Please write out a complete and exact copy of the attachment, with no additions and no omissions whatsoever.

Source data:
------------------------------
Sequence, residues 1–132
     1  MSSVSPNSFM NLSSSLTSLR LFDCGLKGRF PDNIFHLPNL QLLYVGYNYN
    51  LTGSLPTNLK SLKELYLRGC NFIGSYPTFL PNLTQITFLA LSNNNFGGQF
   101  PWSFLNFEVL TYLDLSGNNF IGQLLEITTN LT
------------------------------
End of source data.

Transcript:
Sequence, residues 1–132
     1  MSSVSPNSFM NLSSSLTSLR LFDCGLKGRF PDNIFHLPNL QLLYVGYNYN
    51  LTGSLPTNLK SLKELYLRGC NFIGSYPTFL PNLTQITFLA LSNNNFGGQF
   101  PWSFLNFEVL TYLDLSGNNF IGQLLEITTN LT